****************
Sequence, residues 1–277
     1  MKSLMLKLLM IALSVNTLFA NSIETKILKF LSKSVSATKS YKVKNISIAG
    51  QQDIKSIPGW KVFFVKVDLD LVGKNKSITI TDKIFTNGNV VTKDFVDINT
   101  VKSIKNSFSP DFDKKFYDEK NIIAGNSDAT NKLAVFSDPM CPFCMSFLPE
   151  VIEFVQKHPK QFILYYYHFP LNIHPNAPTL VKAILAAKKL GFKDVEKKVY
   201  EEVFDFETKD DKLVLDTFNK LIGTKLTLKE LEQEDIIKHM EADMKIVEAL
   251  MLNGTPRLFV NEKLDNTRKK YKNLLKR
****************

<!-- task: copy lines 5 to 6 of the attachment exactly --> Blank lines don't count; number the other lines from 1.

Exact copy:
   151  VIEFVQKHPK QFILYYYHFP LNIHPNAPTL VKAILAAKKL GFKDVEKKVY
   201  EEVFDFETKD DKLVLDTFNK LIGTKLTLKE LEQEDIIKHM EADMKIVEAL